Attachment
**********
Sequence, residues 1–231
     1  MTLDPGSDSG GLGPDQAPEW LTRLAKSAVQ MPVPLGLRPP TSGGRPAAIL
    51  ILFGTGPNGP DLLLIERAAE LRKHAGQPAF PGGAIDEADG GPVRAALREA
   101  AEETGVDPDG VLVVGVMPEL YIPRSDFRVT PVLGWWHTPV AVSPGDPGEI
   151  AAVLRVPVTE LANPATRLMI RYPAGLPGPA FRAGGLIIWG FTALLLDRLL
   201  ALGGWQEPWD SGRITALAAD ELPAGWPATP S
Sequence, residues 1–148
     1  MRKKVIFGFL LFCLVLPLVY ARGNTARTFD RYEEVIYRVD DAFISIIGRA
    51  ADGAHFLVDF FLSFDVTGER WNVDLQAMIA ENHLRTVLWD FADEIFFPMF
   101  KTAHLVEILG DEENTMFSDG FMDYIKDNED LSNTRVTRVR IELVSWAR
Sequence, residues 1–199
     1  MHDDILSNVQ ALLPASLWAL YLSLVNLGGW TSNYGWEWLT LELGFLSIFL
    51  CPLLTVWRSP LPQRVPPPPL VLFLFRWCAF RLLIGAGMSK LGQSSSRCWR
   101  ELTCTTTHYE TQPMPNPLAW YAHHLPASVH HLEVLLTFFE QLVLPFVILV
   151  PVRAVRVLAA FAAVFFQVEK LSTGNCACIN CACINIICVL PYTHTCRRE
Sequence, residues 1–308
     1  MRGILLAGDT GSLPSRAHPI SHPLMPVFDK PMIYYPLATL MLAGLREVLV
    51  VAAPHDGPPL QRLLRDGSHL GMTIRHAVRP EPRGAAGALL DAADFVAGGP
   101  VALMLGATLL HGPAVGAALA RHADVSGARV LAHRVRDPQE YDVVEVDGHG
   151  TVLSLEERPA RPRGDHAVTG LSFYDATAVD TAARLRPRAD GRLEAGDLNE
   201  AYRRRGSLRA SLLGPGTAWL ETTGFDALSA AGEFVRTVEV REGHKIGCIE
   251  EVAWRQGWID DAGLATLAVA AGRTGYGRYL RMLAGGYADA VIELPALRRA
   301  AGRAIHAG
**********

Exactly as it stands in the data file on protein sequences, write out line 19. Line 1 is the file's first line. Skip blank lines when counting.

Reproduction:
   101  VALMLGATLL HGPAVGAALA RHADVSGARV LAHRVRDPQE YDVVEVDGHG